Now, this is a total grandstanding move and Owens would never play in the AFL but it's damn smart of the AFL to make the offer and then publicize it. Damn smart. It'll never work but you can't blam them for trying.

Remember, Owens was once one of the highest paid players in the NFL making tens of millions.

Now, he's being offered the football equivalent of sub-standard wages. Wow.

Again, how the mighty have fallen.
Category: NFL
Posted on: October 26, 2011 9:32 am
Edited on: October 26, 2011 2:48 pm

The Daily Shoutout: The next Cam Newton?

OPENING HIT: Former Florida State coach Bobby Bowden once told me this about Christian Ponder: "His talent is going to catch come people by surprise." Bowden said it with that thick drawl and extreme confidence. I never doubted Bowden's words. I never doubt Bowden, period, and he in some ways his prediction is coming true. It's not that Ponder is some unknown. It's that we're seeing what long-time Ponder backers have said for several years now: Ponder has it all.

Ponder is the next Cam Newton. He's athletic, smart, throws well, runs well...everything he did at Florida State he'll do with the Vikings. Ponder is the anti-Tim Tebow. His outing against a Green Bay team that's not just the defending Super Bowl champs but a team I firmly believe will go unbeaten for another three of four games (at least) was impressive. And it wasn't a fluke. He's that good.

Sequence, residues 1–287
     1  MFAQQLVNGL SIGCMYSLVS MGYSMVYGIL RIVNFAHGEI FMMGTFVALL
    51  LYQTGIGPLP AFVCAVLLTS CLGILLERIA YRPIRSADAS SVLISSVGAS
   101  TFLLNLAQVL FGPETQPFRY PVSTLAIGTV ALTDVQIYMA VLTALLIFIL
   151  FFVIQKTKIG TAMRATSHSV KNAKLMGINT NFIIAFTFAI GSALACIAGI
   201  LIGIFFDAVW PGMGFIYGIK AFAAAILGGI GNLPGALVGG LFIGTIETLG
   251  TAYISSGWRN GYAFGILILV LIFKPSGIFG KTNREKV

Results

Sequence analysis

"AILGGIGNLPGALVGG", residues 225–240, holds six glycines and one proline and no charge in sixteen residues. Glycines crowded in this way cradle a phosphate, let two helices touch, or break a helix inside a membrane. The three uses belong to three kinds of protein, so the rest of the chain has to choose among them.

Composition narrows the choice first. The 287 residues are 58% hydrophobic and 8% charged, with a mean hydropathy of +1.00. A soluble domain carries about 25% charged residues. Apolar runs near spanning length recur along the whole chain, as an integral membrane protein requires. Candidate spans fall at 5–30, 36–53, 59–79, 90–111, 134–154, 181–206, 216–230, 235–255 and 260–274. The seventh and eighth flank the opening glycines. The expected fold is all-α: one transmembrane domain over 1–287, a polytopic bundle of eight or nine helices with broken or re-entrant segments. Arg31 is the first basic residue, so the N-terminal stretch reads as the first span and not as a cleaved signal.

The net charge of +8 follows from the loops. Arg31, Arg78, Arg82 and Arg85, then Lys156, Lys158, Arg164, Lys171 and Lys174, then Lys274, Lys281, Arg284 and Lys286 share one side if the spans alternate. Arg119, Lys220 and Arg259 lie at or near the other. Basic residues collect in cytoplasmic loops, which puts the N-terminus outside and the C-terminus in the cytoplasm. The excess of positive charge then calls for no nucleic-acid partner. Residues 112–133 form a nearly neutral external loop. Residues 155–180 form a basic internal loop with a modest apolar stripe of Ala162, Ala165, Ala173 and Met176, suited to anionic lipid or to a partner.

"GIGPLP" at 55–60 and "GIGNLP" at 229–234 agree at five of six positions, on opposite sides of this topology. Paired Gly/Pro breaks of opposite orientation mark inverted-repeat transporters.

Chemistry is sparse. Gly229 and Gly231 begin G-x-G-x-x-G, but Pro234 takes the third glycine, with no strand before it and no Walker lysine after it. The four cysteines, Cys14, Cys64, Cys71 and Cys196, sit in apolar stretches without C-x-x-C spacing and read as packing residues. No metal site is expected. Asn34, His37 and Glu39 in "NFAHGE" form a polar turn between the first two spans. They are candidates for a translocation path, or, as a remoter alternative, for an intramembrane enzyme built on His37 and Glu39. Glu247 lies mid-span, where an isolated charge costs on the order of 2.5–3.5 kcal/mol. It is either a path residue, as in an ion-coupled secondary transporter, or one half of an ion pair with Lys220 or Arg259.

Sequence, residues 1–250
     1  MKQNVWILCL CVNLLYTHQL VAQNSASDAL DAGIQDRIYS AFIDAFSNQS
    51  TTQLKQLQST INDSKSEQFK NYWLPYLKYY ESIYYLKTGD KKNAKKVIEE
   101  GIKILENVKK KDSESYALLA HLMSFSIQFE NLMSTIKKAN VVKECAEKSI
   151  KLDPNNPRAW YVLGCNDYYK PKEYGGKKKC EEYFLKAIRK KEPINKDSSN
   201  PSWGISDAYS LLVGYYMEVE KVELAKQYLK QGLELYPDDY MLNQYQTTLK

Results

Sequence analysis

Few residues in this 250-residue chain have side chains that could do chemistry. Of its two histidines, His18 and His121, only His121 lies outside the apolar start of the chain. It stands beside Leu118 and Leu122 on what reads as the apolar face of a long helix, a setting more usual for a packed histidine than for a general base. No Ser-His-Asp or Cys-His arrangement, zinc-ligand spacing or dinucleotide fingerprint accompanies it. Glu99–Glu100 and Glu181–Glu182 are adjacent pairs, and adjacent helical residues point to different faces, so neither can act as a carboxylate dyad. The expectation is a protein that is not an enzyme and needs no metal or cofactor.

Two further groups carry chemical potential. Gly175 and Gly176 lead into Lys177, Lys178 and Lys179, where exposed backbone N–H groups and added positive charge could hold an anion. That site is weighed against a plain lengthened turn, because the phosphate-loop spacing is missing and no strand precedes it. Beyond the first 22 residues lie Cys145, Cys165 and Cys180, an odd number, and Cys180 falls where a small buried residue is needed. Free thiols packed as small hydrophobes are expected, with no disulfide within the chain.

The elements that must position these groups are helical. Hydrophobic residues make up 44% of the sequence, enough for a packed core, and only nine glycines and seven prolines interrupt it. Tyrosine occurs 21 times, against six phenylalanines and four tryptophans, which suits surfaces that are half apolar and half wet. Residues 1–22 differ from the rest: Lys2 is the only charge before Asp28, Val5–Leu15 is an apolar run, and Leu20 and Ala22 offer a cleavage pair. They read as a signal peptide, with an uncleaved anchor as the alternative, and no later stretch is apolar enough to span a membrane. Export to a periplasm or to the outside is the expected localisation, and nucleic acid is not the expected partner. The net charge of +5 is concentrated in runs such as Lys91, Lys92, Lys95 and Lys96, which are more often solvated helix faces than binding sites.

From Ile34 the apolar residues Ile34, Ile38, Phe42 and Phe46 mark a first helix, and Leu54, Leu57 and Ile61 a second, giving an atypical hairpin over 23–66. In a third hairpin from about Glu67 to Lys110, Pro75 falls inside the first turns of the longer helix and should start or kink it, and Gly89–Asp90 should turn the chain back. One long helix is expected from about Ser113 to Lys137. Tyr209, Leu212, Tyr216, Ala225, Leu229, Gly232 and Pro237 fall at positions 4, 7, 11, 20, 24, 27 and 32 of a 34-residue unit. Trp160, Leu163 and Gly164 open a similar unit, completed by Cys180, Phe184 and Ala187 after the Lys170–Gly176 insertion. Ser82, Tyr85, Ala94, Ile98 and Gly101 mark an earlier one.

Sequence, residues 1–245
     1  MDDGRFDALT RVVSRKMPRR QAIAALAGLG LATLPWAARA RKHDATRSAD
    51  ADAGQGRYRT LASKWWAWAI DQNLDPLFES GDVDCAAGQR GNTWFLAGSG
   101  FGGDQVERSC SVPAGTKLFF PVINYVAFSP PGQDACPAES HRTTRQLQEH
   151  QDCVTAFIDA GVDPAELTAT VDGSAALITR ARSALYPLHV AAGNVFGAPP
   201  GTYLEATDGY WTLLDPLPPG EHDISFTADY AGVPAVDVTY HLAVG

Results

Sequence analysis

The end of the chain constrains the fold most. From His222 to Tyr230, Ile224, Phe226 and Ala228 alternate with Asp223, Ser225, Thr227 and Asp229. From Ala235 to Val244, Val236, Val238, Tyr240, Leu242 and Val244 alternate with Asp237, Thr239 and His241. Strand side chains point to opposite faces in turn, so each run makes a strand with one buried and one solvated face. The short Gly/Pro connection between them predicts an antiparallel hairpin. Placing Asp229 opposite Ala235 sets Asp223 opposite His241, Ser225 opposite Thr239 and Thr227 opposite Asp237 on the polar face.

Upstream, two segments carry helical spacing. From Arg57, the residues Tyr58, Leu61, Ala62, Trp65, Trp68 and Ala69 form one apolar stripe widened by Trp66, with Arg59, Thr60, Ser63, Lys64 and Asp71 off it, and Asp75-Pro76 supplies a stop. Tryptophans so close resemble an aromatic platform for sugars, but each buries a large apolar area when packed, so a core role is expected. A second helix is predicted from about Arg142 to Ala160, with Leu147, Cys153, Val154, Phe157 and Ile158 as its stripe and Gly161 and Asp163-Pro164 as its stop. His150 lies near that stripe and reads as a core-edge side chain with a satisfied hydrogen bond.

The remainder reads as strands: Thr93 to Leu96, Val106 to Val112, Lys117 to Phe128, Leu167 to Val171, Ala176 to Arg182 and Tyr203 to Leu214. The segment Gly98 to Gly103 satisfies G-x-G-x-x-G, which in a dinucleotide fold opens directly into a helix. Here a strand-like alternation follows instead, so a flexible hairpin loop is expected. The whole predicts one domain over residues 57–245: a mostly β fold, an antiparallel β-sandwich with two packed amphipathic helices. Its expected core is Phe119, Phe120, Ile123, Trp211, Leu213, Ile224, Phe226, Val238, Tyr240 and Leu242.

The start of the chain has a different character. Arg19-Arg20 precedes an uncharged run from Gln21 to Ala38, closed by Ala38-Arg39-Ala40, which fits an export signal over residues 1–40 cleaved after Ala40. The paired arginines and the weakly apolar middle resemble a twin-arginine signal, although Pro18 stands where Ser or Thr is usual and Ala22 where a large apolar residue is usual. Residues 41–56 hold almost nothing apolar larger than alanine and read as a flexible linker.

Chris Cook: If the allegations against Cook are true he'll never play another down of football again. In a league that sometimes -- my opinion -- still takes issues of domestic violence too lightly, I'm hearing from people around football they are stunned about the Cook allegations.

JOHN HARBAUGH: Don't expect the Ravens coach to take the criticism of his offensive coordinator's play calls by players lightly. I'm hearing he's not happy about it and will address the issue with the team (if he already hasn't). Publicly, Harbaugh is saying he's fine with the criticism. Privately, he's not.

And I remain stunned at the poor season Joe Flacco is having. Just didn't see it coming.
Category: NFL
Posted on: October 25, 2011 2:16 pm
Edited on: October 25, 2011 9:42 pm